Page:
The Band's Always Open to Texas
by Rick Ferranti, WA6NCX
When I was a kid in the 1960's, I used to sell mail-order Christmas cards to my gullible relatives around the SF Bay Area, earning me geeky goodies like an electronic build-it set or a telescope. One year I sold enough cards to get a pair of CB walkie talkies, those early 11-meter radios with the shiny diecast front grill featuring a 4-transistor superregenerative transceiver, and what seemed like a 25-foot long telescoping antenna.
Though lacking in the selectivity department, these little radios did a fine job of hearing most of the nascent Citizen's Band all at once. In the wintertime, it was a fascinating pastime to eavesdrop on the 11-meter denizens "working skip," an activity illegal even back then. I'd often wonder why everyone sounded like they came from Texas, and in fact, they often gave their location as Houston or Dallas or Austin. Indeed, the CB band was my introduction to the rhythms HF skywave propagation, as the skip mysteriously disappeared in the evenings and during most of the summer. But I learned one thing: if 11 meters is open, it's always open to Texas.
Not too many years later I got interested in shortwave radio and got my amateur radio license. Because I was a poor high-school and later college student, my HF operating was confined mostly to working 10 and 15 meter stations, where my lousy antennas and cast-off CW transmitter had half a chance of getting out of the backyard. Strangely enough, when the sunspot gods smiled on WA6NCX's wayward signals, there were always a bunch of Texans on the bands ready for a gentlemanly QSO. And not too many years after that, when I moved to the Boston area and tried for two decades to talk to friends in Californa with my equally lousy antennas, it always seemed that if I could hear a W6 at S-2, I was sure to hear plenty of W5's at 20 over S-9.
An engineering education and access to the internet led to many sessions at the computer, modeling HF propagation using programs like MiniProp and VOACAP. Inevitably, if there's a band opening anywhere west of Boston or east of California, the computer model says it's got a nice big lobe down to Texas.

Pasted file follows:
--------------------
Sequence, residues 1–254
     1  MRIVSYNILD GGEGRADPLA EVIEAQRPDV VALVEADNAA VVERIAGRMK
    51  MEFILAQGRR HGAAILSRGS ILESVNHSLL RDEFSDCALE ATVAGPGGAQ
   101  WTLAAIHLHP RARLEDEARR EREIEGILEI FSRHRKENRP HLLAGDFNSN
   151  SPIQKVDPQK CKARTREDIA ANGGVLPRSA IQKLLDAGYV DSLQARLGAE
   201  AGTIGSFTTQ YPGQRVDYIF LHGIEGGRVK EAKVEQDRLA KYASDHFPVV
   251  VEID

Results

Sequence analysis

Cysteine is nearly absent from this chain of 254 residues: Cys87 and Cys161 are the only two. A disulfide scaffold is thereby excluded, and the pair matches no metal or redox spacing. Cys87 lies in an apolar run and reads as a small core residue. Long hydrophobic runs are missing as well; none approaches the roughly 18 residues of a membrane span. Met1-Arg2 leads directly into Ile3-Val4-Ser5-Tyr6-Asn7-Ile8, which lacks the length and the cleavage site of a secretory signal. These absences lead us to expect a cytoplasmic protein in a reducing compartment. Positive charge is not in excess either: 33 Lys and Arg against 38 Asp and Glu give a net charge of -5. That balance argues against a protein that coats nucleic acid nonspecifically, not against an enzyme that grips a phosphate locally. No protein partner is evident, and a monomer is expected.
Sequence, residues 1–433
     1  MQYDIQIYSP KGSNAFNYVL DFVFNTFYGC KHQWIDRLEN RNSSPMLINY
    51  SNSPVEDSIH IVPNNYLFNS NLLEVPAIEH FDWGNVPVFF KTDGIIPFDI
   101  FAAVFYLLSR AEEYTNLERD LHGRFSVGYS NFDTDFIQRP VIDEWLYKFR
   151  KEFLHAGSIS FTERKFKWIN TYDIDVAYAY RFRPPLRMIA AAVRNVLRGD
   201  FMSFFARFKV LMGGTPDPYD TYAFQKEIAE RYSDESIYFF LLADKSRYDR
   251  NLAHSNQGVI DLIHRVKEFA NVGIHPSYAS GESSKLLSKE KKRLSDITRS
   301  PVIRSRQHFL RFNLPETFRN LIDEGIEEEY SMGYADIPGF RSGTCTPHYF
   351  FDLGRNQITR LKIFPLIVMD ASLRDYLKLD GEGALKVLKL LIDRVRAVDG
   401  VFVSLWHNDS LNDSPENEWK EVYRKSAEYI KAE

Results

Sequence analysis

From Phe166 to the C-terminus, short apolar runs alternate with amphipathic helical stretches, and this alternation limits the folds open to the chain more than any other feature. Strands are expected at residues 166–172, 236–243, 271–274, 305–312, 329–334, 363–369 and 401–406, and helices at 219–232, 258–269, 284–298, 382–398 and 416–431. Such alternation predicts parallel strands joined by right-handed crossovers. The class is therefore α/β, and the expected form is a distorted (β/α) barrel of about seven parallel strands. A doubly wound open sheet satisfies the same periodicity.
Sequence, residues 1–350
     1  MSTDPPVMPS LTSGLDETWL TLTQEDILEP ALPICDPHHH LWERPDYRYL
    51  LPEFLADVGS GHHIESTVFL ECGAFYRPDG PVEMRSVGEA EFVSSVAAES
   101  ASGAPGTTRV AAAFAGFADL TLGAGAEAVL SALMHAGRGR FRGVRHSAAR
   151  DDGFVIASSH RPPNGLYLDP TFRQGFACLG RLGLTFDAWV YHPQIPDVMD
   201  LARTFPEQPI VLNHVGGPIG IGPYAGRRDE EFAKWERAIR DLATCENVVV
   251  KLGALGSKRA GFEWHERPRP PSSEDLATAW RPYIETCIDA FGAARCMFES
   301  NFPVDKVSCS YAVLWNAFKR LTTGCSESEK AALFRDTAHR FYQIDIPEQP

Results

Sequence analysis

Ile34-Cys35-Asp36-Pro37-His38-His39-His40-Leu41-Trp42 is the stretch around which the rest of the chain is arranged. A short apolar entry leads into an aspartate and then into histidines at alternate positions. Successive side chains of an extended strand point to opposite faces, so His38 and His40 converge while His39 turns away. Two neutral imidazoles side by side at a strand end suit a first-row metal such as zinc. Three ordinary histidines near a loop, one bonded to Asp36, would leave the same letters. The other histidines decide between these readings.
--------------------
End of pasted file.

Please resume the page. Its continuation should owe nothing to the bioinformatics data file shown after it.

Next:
I returned to the SF Bay Area two years ago, and still don't have any HF antennas, lousy or not. Nonetheless, when the band's hopping, I listen in to the 10 meter AM hams up near 29.0 MHz using a variety of old analog shortwave portables with their whip antennas. Until recently becoming a silent key, W5PYT's station dominated the band, operated by Ozona Bob (hint: Ozona is a town in Texas). And at the bedside is a wonderful Sanyo RP-8880 analog shortwave portable, mostly used for those pre-dawn 75-meter DX listening sessions when I can't seem to get back to sleep. Inevitably, there among the occasional W0 or W9 drifting in near 3880 KHz, is a whole dawn chorus of W5's, fading in and out with their vintage AM transmissions.
I don't know whatever happened to the chromed supergenny walkie-talkies that I had so laboriously earned in the 1960's and listened to with such fascination. Today there are a few other vintage CB HT's in my collection, dating from that same era. If I pull up their long shiny antennas and fire up an old Philmore or Johnson or Midland or Lafayette walkie any sunspot-laden day, I'll surely hear, in amongst all the heterodynes and cacaphony, a big, big signal quieting the band. Funny thing; it'll have that same twangy drawl blaring the decades-familiar phrase, "Breaker, breaker, y'all got a copy on this lil' ol' Sodbuster, come on!" Yep, the band's still always open to Texas.
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12 June 2001